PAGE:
9 lockdown hobbies you can do with people later in the year

9 lockdown hobbies you can do with people later in the year

 · 7 min read
Last updated and fact checked:

Many of us exhausted our usual stay-at-home hobbies in lockdown one. We’ve already done a hundred quizzes, reorganised the house, and eaten our way through the snack cupboard several times over. So, what’s next?

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Many of us exhausted our usual stay-at-home hobbies in lockdown one. We’ve already done a hundred quizzes, reorganised the house, and eaten our way through the snack cupboard several times over. So, what’s next?

Rather than take up a solo hobby for the sake of it, why not start something you can share with friends and family when lockdown ends? All of the hobbies below can become in-person, social activities in the future!

1.     Join a (virtual) book club

You don’t have to be a literature buff to join a book club. As long as you enjoy reading and don’t mind following set books, you’re good to go!

Finding a good book club can be a little daunting. Will the people be friendly? How intellectual is it? To start, ask around your friends and family to see whether anyone is already in a book club they enjoy. You might be surprised by who answers yes!

Alternatively, many celebrities host online book clubs on their website or Instagram. For example, Reese Witherspoon has her own book club run via an Instagram page. She selects one book per month featuring a woman at the centre of the story.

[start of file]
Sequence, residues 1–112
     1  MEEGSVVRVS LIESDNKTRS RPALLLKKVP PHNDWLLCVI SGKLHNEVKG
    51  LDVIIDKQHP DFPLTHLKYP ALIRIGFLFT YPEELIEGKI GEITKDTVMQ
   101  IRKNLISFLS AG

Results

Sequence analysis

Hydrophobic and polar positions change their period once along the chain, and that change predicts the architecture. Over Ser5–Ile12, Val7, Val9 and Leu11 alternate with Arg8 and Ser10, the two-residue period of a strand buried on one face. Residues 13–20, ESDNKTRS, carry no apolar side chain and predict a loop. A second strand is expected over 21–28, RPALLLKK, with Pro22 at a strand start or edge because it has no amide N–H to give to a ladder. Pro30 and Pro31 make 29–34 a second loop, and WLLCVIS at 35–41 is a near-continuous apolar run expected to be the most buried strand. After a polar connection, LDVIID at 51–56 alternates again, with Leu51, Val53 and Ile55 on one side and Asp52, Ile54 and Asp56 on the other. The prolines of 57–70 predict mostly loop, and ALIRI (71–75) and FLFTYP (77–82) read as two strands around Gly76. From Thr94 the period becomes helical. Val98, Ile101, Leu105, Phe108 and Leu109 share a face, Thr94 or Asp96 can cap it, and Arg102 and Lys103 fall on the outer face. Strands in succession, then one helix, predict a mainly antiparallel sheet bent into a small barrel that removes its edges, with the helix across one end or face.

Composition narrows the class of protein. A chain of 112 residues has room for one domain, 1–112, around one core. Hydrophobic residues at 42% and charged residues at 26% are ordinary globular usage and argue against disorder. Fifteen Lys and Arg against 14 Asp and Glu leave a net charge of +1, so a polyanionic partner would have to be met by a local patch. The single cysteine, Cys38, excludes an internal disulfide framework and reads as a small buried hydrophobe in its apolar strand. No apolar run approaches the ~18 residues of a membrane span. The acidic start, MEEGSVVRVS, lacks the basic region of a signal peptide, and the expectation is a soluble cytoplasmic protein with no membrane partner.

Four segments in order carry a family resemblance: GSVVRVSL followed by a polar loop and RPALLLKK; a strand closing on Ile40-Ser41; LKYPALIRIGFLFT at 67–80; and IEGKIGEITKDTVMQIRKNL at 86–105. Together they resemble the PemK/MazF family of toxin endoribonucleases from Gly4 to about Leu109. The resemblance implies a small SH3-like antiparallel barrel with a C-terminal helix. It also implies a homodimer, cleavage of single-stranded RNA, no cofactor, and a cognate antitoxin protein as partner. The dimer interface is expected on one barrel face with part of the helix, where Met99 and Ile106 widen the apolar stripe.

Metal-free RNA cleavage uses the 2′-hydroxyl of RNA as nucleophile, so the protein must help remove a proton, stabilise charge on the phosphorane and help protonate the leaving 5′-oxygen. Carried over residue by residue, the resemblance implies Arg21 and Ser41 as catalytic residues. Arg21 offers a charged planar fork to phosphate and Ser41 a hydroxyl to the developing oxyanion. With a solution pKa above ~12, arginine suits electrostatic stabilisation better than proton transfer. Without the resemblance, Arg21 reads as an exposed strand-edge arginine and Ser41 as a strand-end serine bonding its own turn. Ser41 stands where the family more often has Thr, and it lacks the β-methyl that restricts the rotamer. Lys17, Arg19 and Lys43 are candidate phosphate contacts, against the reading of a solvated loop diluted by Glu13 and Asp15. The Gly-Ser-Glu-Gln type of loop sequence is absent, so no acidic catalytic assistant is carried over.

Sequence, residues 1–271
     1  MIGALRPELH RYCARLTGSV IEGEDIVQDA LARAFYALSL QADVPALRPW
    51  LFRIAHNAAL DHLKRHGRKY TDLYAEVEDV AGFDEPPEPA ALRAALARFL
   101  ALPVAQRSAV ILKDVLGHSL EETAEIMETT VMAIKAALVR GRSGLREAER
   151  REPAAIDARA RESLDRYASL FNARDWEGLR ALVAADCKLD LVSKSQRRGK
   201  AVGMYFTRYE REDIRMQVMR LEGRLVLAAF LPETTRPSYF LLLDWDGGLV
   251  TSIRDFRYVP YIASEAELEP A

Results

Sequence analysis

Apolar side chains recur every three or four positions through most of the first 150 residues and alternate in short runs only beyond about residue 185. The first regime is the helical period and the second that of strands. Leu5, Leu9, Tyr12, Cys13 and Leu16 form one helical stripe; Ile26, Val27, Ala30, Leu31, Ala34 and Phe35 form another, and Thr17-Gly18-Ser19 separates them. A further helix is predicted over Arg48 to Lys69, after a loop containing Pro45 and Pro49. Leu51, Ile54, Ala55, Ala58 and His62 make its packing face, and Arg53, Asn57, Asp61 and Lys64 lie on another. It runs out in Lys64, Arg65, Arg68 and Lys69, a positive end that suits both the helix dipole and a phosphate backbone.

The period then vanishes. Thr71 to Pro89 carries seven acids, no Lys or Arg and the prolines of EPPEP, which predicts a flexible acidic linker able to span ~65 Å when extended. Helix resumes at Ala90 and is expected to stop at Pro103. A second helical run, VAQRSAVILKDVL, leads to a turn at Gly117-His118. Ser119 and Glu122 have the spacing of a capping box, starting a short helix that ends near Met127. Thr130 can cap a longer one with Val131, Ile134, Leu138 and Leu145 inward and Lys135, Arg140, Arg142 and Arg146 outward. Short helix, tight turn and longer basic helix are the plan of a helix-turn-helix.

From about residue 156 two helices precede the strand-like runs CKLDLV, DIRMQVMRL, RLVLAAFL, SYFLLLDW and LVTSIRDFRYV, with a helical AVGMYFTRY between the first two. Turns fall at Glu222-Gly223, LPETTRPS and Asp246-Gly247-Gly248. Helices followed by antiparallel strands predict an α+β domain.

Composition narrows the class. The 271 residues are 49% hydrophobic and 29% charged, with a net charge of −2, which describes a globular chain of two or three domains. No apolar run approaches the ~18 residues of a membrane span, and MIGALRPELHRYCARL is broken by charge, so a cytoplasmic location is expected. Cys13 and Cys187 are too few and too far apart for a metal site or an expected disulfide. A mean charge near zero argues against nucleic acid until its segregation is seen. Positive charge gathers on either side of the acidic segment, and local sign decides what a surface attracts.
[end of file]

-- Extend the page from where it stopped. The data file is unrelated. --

2.     Host a book club

Can’t find the right book club for you? Host one! It might be easiest to start with a small group, perhaps following an online best sellers list. If you enjoy hosting, you could then spread the word and find more like-minded people to join in.

 You could even jazz up your book club with a theme and fun name. For example, “A Glass of Wine and a Good Book” would set a laid back tone, while “Books and Cooks”  could invite people to share their favourite recipes too. For inspiration, have a look at our book review pages.

3.     Learn how websites work…and then make one!

Tech is surprisingly simple when it’s broken down into its various parts. Online education platform Future Learn has a free short-course that explains how websites work and gets you started with basic coding.

How far you take your skills is up to you! Building a website gives you the freedom to start a blog, create a little online shop, or just understand more about how the web works. Once lockdown eases, you could find a local class to meet other website enthusiasts!

4.     Bake away the lockdown blues

Did the latest season of Bake Off have you dreaming of up mouth-watering cakes? Rather than sticking to one go-to recipe that you know you like, why not try something more adventurous? Lockdown is the perfect time to try some new bakes.

Whether you decide to dust off an old cookbook or search the internet for new recipes, adding a new cake to your repertoire is very satisfying. For inspiration, why not try a recipe from abroad? When we can meet up in person, you can then impress friends and family with your international creations.

5.     Test your musical skills

Learning an instrument isn't a small undertaking, but, with some practice, there are ways to advance quickly. You don't necessarily have to splash out on a brand new instrument, either.